Disrupting the Title Industry: The Impact of E-Closings

Learn how e-closings are changing the real estate industry and how businesses can meet customer expectations for convenience and security.

Disrupting the Title Industry: The Impact of E-Closings

Learn how e-closings are changing the real estate industry and how businesses can meet customer expectations for convenience and security.

Disrupting the Title Industry: The Impact of E-Closings
Written by:

Tyler Adams

Read time:

6 minutes




Sep 13, 2022

How home buyers research and tour properties, meet and build relationships with real estate professionals, and move through the closing process is dramatically different than it was even a decade ago.

Like many other parts of our professional and personal lives, each phase of the home buying and selling process is undergoing a digital transformation.

One of the most dramatic changes has been the rise of e-closings, which move part or all of the closing process online using electronic documentation and perhaps even digital signatures and live online meetings.

So what do these shifts mean for your title business, your customers, and the security of your real estate transactions?

This article will explore the key elements of e-closings and how to keep the process secure.

What are the ins and outs of e-closings?

Driven by the flexibility and benefits of digitization and accelerated by the COVID-19 pandemic, the demand for e-closings has increased dramatically in the last couple of years. In fact, in 2019, only 18 percent of lenders had e-closing software implemented; just a year later, that number jumped to 42 percent with a continued upward trajectory. 

Whether completed in person or facilitated digitally, the mortgage closing process is a highly detailed and organized process with a strict set of requirements that must be followed for a deed to change hands and for the loan to be processed.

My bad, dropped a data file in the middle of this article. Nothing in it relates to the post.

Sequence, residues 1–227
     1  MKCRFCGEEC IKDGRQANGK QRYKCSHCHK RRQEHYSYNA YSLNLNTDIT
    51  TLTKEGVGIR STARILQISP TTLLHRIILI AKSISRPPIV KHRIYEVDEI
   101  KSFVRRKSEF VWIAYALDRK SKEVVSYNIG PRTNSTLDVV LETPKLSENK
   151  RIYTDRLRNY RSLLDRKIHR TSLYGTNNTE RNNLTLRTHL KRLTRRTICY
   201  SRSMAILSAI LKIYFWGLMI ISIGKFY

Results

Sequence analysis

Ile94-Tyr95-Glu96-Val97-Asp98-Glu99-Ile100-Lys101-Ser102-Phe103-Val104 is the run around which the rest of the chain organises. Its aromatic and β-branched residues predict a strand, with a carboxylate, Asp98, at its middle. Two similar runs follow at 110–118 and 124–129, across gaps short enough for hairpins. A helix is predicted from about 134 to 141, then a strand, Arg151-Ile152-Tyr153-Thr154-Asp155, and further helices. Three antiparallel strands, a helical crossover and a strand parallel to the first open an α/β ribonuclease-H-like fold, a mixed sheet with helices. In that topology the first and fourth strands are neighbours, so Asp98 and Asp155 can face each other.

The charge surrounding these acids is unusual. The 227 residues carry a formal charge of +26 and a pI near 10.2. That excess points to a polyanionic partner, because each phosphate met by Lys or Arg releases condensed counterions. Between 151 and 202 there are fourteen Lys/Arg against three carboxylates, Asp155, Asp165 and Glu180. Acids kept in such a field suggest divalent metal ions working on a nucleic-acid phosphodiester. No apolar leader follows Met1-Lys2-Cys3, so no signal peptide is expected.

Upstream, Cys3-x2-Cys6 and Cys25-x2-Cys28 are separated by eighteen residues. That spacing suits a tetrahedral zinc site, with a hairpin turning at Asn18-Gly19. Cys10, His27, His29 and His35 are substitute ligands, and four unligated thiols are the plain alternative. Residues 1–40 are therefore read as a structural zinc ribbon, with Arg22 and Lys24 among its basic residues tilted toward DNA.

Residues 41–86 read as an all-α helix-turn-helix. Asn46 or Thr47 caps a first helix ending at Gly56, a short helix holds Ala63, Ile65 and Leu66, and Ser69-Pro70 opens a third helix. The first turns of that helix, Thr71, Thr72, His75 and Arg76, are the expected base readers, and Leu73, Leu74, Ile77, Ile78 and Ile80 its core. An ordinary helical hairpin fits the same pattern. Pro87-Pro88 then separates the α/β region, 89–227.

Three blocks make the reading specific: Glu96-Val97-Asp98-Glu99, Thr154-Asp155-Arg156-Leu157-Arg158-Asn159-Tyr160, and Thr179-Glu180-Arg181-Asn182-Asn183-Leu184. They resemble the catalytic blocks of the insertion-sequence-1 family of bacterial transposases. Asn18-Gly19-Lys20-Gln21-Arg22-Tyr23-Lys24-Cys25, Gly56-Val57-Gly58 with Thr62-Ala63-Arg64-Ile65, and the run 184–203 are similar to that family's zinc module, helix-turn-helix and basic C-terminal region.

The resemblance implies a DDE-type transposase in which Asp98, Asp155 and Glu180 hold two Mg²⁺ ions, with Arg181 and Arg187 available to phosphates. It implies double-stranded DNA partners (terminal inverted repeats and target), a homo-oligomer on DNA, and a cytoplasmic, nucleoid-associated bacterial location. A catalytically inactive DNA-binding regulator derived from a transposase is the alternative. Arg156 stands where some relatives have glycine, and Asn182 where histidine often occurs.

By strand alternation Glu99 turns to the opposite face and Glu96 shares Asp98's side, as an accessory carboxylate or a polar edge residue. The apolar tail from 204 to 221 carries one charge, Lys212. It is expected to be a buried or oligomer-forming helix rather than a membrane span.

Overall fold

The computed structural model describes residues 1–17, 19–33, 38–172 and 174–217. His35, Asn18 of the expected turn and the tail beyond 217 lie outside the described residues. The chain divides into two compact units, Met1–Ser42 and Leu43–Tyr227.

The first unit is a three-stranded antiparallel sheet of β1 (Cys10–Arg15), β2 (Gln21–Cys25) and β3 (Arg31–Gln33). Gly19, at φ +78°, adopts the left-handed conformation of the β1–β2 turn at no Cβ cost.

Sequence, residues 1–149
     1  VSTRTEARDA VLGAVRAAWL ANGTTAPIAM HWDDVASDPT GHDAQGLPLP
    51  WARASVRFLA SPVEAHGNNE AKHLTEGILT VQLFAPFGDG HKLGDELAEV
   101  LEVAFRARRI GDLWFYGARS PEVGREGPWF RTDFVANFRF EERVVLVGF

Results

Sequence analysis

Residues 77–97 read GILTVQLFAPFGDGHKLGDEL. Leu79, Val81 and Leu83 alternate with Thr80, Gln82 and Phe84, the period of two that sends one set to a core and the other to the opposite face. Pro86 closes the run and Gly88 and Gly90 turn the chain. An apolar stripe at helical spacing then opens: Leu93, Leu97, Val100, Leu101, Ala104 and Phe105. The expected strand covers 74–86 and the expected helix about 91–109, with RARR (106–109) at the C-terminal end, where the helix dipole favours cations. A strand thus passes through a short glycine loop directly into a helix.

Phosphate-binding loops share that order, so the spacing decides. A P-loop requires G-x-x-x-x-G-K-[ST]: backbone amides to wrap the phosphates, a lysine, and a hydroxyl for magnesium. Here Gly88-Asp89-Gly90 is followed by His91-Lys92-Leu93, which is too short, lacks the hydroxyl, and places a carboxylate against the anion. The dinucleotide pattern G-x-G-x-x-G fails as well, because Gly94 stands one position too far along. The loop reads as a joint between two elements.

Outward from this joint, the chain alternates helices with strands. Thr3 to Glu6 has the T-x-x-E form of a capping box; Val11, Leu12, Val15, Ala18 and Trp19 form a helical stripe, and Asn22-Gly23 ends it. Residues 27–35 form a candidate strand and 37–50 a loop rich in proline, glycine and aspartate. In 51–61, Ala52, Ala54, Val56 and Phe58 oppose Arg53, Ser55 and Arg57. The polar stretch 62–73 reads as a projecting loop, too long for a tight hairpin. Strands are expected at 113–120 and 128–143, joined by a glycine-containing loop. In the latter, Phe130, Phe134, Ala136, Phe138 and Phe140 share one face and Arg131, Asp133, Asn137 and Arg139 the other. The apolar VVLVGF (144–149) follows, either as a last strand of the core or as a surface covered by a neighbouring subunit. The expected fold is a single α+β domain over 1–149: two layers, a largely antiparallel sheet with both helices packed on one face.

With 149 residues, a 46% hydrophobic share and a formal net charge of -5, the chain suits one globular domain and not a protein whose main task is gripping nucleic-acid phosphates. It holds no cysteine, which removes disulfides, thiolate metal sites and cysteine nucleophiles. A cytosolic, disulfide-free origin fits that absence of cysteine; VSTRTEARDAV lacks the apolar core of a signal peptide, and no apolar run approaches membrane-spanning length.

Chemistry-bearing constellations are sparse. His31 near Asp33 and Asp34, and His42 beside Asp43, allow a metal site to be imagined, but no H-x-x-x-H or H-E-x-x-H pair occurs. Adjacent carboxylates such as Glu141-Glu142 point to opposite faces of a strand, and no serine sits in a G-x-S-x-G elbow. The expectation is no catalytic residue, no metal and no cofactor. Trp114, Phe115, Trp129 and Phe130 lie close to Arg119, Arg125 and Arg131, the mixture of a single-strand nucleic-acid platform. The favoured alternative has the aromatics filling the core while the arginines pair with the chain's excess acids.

E-closing takes some or all of these elements of the preparation and closing digital, including:

  • E-signing in place of physical signatures recorded in person
  • Notarizing key loan, title, and deed documentation
  • E-note signing 
  • Distributing documentation to all parties of the transaction
  • Collecting wire transfer account information to handle mortgage payoff or closing costs

E-closings can also take several different forms depending on the preferences of the title agents and parties to the transaction, taking all or some of the closing digital. 

These include:

  • Hybrid E-Closings: Aspects of the closing are completed online, such as e-signing documentation, but other elements, such as notarization and documentation distribution, are done in person and on paper.
  • In-Person Electronic Closings: A face-to-face meeting is conducted at an earlier time to validate identities, but documents are signed electronically during the closing.
  • Fully Remote E-Closings: Every element of the closing process is completed online, supported by a web videoconference. Key functions are also done digitally, such as e-note, e-signing, e-recording with government agencies, and notarization.
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What are the benefits and risks of e-closings?

The dramatic increase comes from the benefits that e-closings provide to both title agents and customers.